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Oral manifestations of amyloidosis and the diagnostic applicability of oral tissue biopsy.

BACKGROUND: Amyloidosis exhibits a variable spectrum of systemic signs and oral manifestations that can be difficult to diagnose. This study aimed to characterize the clinical, demographic, and microscopic features of amyloidosis in the oral cavity.

METHODS: This collaborative study involved three Brazilian oral pathology centers and described cases with a confirmed diagnosis of amyloidosis on available oral tissue biopsies. Clinical data were obtained from medical records. H&E, Congo-red, and immunohistochemically stained slides were analyzed.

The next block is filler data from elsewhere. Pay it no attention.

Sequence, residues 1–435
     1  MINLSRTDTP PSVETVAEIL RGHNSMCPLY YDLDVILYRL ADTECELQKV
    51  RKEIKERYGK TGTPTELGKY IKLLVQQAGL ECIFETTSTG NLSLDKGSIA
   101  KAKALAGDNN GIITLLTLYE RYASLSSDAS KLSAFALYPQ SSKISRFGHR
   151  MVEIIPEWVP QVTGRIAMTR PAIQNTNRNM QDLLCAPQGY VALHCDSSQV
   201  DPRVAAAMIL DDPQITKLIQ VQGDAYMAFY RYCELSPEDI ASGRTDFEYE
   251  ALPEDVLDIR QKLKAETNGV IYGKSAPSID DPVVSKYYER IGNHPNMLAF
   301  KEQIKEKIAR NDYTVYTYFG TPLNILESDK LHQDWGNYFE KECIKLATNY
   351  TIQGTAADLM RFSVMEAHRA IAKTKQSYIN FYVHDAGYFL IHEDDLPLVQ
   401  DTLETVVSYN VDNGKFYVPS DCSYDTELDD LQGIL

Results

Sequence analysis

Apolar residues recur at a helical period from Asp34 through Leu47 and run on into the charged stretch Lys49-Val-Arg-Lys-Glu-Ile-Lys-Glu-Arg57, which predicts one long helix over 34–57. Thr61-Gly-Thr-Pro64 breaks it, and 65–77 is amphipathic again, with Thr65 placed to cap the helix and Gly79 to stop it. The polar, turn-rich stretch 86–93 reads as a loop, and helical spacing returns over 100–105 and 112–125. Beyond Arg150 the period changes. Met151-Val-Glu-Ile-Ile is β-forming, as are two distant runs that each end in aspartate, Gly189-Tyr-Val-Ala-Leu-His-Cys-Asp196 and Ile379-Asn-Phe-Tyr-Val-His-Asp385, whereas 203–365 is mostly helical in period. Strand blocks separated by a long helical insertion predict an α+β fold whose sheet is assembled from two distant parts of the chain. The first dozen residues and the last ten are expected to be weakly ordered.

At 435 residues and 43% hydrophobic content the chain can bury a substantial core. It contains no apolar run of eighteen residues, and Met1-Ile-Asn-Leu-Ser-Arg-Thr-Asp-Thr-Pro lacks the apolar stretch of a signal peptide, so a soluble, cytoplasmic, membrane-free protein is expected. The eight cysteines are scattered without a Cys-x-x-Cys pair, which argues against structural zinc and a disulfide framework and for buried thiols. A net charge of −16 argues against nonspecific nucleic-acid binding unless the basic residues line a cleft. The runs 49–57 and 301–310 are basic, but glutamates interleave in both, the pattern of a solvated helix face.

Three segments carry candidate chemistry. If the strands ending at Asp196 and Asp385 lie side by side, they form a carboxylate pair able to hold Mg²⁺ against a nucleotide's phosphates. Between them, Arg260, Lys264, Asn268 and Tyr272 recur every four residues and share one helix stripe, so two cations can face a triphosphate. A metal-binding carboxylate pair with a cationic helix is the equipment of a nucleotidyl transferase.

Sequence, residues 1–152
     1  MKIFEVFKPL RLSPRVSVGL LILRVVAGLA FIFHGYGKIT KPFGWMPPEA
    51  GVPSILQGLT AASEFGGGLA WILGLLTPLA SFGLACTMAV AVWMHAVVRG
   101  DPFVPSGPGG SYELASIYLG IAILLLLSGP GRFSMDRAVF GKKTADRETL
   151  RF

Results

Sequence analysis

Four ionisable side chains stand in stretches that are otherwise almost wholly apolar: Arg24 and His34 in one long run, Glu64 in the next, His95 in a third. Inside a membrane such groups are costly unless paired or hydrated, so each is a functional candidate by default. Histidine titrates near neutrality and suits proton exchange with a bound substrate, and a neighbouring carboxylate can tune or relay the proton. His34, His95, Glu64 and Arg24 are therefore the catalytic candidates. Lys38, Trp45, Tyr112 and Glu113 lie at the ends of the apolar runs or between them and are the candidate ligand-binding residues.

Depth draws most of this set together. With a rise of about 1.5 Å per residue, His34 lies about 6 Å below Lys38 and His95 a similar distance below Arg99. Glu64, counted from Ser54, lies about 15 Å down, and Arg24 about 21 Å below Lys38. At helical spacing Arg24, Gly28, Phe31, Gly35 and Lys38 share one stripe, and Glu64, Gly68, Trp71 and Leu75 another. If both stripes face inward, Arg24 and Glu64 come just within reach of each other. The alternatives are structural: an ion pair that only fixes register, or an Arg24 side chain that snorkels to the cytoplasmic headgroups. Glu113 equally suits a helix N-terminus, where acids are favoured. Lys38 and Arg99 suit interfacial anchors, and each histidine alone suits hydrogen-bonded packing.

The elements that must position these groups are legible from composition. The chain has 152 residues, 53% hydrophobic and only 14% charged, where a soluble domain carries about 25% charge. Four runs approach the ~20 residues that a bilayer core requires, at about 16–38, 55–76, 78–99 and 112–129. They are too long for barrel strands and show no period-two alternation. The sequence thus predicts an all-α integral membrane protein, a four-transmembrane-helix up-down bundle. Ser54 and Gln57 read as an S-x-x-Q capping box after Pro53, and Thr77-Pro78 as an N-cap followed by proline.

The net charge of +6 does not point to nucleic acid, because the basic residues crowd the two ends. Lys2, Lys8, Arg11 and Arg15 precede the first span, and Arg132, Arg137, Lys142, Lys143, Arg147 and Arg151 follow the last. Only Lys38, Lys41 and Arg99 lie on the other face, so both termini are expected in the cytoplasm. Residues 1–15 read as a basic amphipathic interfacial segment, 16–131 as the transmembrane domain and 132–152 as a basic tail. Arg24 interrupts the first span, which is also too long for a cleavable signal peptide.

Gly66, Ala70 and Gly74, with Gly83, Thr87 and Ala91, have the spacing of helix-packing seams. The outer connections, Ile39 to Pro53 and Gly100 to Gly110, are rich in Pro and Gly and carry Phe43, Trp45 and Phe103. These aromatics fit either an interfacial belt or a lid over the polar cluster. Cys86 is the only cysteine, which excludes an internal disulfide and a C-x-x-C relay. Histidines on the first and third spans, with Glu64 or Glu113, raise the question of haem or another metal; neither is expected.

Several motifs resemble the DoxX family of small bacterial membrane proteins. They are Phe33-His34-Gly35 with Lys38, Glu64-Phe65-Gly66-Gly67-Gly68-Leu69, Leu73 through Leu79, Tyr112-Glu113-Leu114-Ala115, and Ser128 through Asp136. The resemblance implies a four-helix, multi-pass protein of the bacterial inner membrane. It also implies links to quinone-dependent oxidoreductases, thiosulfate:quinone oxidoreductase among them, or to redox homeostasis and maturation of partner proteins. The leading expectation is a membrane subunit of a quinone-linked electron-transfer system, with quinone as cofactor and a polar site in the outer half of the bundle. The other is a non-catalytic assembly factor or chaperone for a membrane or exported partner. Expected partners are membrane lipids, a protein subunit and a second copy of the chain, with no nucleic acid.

RESULTS: Twenty-six oral biopsies from 23 individuals (65.2% males; mean age: 59.6 years) were included. Oral involvement was the first sign of the disease in 67.0% of cases. Two patients had no clinical manifestation in the oral mucosa, although the histological analysis confirmed amyloid deposition. Amyloid deposits were distributed in perivascular (88.0%), periacinar and periductal (80.0%), perineurial (80.0%), endoneurial (33.3%), perimuscular (88.2%), intramuscular (94.1%), and subepithelial (35.3%) sites as well as around fat cells (100.0%). Mild/moderate inflammation was found in 65.4% of cases and 23.1% had giant cells.

CONCLUSIONS: Amyloid deposits were consistently found in oral tissues, exhibiting distinct deposition patterns. Oral biopsy is less invasive than internal organ biopsy and enables the reliable identification of amyloid deposits even in the absence of oral manifestations. These findings corroborate the relevance of oral biopsy for the diagnosis of amyloidosis.

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